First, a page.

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Prominent Black Venture Capitalist Suddenly Passes Away, Once Said He Felt Helpless Changing Industry for Black Founders

Prominent Black Venture Capitalist Suddenly Passes Away, Once Said He Felt Helpless Changing Industry for Black Founders

Black Venture Capitalist

Prominent Black Venture Capitalist Suddenly Passes Away, Once Said He Felt Helpless Changing Industry for Black Founders. Photo: GV.com

The startup and tech communities are mourning the death of prominent Black venture capitalist Tyson Clark, who died Dec. 9 from complications of an unknown health issue. He was 43.

“With great sadness, we share the news that Tyson Clark, our friend and GV general partner, passed away yesterday due to sudden complications from a health issue. We are stunned and shattered by this loss,” GV tweeted in a statement from their official account. “The GV team extends our deepest sympathies to Tyson’s family and loved ones. We are privileged to know his warmth, intellect, integrity, mentorship and humor. We will miss him profoundly.”

A native Californian, Clark was a rarity – a Black venture capitalist in Silicon Valley. He joined GV, formerly Google Ventures, six years ago with a focus on “enterprise technology, including startups in the SaaS application and data center infrastructure spaces,” according to Tech Crunch.

Prior to joining GV, Clark was a partner at Andreessen Horowitz, an investment banker at Morgan Stanley and spent six years in the Navy as a nuclear submarine officer,” according to his official bio.

Clark said the experience shaped him as a leader during his time serving his country and thereafter. “I’ve always been fascinated by science and technology, and on the sub I had the opportunity to indulge those curiosities,” Clark said. 

“After the military, I made my way into the world of corporate finance, first as an investment banker and later as a corporate development professional. There I learned that the world isn’t black and white, and what separates good reputations from bad is honesty and integrity,” he continued. “Today, as an investor, I do my best to recall lessons learned from those experiences, and bring those core values to every entrepreneur I partner with.”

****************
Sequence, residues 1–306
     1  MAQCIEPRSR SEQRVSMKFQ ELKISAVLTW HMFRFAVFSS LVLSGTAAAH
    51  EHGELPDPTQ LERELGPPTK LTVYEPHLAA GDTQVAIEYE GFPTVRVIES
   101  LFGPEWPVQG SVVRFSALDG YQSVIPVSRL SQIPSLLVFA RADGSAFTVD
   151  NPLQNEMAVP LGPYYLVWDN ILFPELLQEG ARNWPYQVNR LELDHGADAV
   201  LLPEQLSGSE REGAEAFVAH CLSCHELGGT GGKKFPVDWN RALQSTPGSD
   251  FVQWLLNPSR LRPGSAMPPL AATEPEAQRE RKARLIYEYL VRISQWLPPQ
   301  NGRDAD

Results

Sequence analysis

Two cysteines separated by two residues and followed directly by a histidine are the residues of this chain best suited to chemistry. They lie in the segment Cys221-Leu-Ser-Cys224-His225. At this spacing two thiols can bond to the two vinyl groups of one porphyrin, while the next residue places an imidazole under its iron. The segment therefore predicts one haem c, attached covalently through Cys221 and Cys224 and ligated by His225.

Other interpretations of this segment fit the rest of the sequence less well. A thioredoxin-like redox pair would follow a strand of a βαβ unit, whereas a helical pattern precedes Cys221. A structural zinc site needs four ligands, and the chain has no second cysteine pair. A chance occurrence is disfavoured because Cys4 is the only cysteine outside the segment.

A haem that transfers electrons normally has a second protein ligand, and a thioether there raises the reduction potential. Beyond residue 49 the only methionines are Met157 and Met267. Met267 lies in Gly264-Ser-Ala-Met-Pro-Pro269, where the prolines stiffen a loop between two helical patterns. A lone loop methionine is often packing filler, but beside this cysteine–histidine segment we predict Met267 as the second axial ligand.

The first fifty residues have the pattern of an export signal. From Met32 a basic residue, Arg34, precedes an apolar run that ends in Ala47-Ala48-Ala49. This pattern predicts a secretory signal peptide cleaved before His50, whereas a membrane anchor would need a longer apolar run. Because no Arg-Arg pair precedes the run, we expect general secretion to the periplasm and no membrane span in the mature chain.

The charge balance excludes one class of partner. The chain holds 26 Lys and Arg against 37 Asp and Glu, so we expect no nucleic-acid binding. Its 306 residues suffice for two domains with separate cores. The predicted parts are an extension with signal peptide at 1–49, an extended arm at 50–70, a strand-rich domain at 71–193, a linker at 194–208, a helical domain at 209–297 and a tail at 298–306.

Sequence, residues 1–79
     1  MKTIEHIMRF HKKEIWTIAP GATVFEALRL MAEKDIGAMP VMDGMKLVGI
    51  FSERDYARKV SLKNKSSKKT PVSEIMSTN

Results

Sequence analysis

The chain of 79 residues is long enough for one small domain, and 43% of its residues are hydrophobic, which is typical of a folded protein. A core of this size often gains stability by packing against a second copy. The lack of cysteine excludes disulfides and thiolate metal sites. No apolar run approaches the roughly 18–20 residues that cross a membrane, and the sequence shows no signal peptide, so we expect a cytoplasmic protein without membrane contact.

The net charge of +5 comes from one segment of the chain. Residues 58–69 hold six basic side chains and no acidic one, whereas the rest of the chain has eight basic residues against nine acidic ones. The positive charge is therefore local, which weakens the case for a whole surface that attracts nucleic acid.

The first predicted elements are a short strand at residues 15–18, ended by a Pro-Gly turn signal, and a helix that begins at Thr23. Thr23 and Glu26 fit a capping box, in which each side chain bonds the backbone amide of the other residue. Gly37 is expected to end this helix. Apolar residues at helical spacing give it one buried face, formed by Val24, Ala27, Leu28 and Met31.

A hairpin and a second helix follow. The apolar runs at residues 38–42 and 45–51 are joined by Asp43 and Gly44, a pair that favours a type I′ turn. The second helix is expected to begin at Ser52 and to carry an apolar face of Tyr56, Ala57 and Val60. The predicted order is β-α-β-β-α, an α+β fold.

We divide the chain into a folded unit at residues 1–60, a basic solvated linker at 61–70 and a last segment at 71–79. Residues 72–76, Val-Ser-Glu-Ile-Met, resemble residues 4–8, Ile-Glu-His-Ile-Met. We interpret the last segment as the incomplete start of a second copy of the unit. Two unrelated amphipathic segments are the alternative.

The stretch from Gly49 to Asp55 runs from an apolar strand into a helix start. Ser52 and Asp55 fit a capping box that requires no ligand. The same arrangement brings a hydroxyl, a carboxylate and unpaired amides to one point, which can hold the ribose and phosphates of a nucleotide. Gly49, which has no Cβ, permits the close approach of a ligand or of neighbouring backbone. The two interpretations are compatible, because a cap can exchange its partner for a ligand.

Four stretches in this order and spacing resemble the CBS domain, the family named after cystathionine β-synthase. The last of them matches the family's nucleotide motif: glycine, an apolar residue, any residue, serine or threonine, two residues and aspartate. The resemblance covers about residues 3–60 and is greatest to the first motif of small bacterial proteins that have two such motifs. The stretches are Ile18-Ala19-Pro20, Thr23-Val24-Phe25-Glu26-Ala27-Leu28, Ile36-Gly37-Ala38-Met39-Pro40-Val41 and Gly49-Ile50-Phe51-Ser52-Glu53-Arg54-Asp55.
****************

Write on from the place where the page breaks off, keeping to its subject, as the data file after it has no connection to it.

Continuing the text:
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Clark earned his B.S. in industrial engineering from Stanford (with honors) and an MBA from Harvard Business School after leaving the navy. However, those who knew him best said his intellect was just one of the reasons Clark was special.

They lauded him for taking chances founders other VCs had overlooked. Clark himself once wondered aloud in a 2020 Bloomberg interview whether he’d done enough to help Black founders. in the tech space and admitted to feeling helpless sometimes, despite being

“Have I been so complicit that I’ve traded success for not making a difference?” Clark asked himself. “Humbly, there are a group of people in my position who want to do something, but feel like we don’t have enough power yet to be influential on this topic. It’s painful for all of us to feel this helplessness.”

Though he’d backed two Black founders out of the 11 companies he invested; regularly attended Black Tech events; judged pitch competitions; and toured HBCUs to network, Clark admitted he didn’t feel he’d done enough.

“I thought I was too junior to bring on something that didn’t fit the pattern recognition,” Clark said, meaning an investment that didn’t look like previous bets. “I knew what was the easy sell and what wasn’t.”

But Black founders who knew Clark said he’d done plenty.

“Absolutely crushed to hear this. Tyson believed in me when few did. Rest in Power Tyson,” Kairos founder Brian Brackeen tweeted. “This hurt man,” McKeeber “Mac” Conwell agreed.

https://twitter.com/BrianBrackeen/status/1469132281776328712

Others who worked closely with Clark said his unexpected death was a great loss for so many reasons.

“Simply devastated today… Lost a dear friend, a partner, and an absolutely fabulous human. A brutal reminder that life is too short, time is extremely precious,” GV CEO David Krane wrote in the caption of a retweet of the company’s statement.

“We are told to not question Gods rationale for taking the most genuine, helpful, and thoughtful humans away from us. Like many of us, I will never comprehend this one,” Zeal Capital Partners Founder Nasir C. Qadree tweeted. “Thank you Tyson, for shaping my thinking and your tireless encouragement. Praying for the Clark family.”

Clark is survived by his wife, Abby, and three children.  

Photo Links: https://twitter.com/GVteam/status/1469092256405622786 and https://www.gv.com/